Practical Ecommerce

SEO: Google Ranks Site Speed, Too

In its continuing quest to provide searchers with the best possible search experience, Google announced last week that site speed is now a signal in its search ranking algorithms. Along with the hundreds of other signals, like link popularity and keyword relevance, Google is now factoring site speed (i.e., how quickly a website responds to web requests) into its rankings on search results pages.

Why Does Google Care About Speed?

Searchers presumably associate the quality of the page they land on with Google’s brand. If a page that Google ranks isn’t topically relevant, the searcher’s Google brand experience is negative. Google is taking that a step farther with this algorithm update, implying that a site that is slow to respond or load will also result in a negative search experience that reflects poorly on Google.

It is true that bounce rates are higher on slow sites, indicating that searchers find the experience less acceptable. And Google is thought to factor bounce rates (quick returns from a search landing page back to Google) into their algorithms. Site speed, then, would just be an extension of that logic.

What About the Ugly Factor?

As a search user, I’m all for anything that encourages increased site speed. But, as a marketer and SEO professional, this feels like a slippery slope. Ugly sites also experience higher bounce rates – perhaps there should be an “ugly” factor in the algorithm. Obviously, I jest. “Ugly” is impossible to define empirically and quantify outside of the bounce rate data that “ugly” would theoretically increase.

Regardless of how marketers feel about the site speed addition to the algorithm, it’s live now. Google has introduced the site speed factor to only approximately 1 percent of the search queries performed today, so the likelihood that any one site will notice a dramatic shift today is extremely small.

Google rolls these changes out slowly to avoid the sudden massive shifts in rankings that we used to see several years ago. While this is a welcome change, it does make it harder to pinpoint source of the bounce issue, if there is one. As a result, a site with major site speed issues may have trouble discerning that speed actually is the issue. Impacted sites will more likely notice a gradual decline in rankings and organic search-referred traffic and sales as the site speed factor gradually impacts higher percentages of search queries.

Test Your Site Speed

Google Webmaster Tools recommends an assortment of tools to test site speed to determine if there is an issue, including Google’s Page Speed, Yahoo! YSlow, and WebPageTest. If site speed is indeed an issue according to these tools, a host of business or technical challenges could be contributing. Ecommerce sites tend to include a multitude of analytics and usability feature scripts that can contribute to slow response times, as well as hosting configurations that limit bandwidth available for a site.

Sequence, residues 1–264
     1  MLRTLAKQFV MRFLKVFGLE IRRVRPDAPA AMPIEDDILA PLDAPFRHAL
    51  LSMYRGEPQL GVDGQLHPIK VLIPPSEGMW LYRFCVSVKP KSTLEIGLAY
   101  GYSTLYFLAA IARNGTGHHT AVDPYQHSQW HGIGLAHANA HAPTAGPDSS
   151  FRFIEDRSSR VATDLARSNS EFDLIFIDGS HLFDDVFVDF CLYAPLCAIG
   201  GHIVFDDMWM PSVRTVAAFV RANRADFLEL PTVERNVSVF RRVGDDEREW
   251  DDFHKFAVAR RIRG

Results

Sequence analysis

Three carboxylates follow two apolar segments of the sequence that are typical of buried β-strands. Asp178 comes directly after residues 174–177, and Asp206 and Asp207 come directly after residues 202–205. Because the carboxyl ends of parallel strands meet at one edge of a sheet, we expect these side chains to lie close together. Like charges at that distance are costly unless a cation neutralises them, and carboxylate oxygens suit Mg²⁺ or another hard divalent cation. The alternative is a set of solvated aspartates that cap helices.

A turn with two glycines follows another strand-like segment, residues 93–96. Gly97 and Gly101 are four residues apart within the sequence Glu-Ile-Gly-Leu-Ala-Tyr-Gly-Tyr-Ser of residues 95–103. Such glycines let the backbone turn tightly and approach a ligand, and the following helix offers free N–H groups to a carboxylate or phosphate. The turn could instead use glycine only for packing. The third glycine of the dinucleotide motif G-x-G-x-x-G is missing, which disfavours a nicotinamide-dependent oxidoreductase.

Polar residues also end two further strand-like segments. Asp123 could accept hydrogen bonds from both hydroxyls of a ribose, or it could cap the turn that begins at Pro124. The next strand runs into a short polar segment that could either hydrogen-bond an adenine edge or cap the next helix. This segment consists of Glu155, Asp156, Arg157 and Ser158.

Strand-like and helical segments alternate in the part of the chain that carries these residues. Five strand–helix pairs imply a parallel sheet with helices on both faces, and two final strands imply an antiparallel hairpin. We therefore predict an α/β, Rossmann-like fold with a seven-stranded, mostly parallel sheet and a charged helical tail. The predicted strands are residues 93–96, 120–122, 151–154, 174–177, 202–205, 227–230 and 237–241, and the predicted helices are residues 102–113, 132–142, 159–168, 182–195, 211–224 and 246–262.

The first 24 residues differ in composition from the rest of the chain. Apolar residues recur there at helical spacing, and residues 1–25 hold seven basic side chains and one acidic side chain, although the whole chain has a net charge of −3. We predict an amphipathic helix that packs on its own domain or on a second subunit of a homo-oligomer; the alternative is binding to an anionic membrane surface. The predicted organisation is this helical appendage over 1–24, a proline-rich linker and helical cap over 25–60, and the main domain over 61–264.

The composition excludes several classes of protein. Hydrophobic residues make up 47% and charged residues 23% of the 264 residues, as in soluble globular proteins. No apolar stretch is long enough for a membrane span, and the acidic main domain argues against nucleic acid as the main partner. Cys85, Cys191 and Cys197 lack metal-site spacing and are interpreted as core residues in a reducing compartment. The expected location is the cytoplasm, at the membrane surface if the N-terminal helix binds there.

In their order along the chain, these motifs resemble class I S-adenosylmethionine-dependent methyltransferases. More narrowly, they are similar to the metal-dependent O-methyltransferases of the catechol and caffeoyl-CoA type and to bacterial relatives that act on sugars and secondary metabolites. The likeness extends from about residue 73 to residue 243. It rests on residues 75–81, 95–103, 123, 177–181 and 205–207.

These business and technical challenges tend to be the most difficult to resolve, especially for sites without dedicated IT resources. But, don’t panic – test first. If site speed is not an issue today, then file this away for discussion in the future as new features and technologies are added to the site. If site speed is an issue, then it’s probably something the business has been discussing already, since it impacts overall user experience. SEO revenue is yet another reason to prioritize the discussions around site speed and to make technical upgrades that could improve SEO as well as user experience.

Jill Kocher

Jill Kocher

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  1. Delia Wilson Lunsford April 22, 2010 Reply

    Ugly not required! Use as much tableless CSS as possible and create a site with as few graphics and tables as possible. Great way to clean up code. Too many developers just use too much visible code – lazy or old fashioned or css clueless.

    Also, fancy design isn’t necessary – clean and easy to navigate are way more important. Optimizing your images properly makes a big difference.

  2. korko01 April 23, 2010 Reply

    Most illuminating. In our experience the causes of slow pages (and poorly performing sites in general) are often deeply rooted in the complex composite application infrastructure. So proactively monitoring the whole application or service delivery environment to pre-empt issues is the smart play. It will also enable rapid root cause analysis and remediation.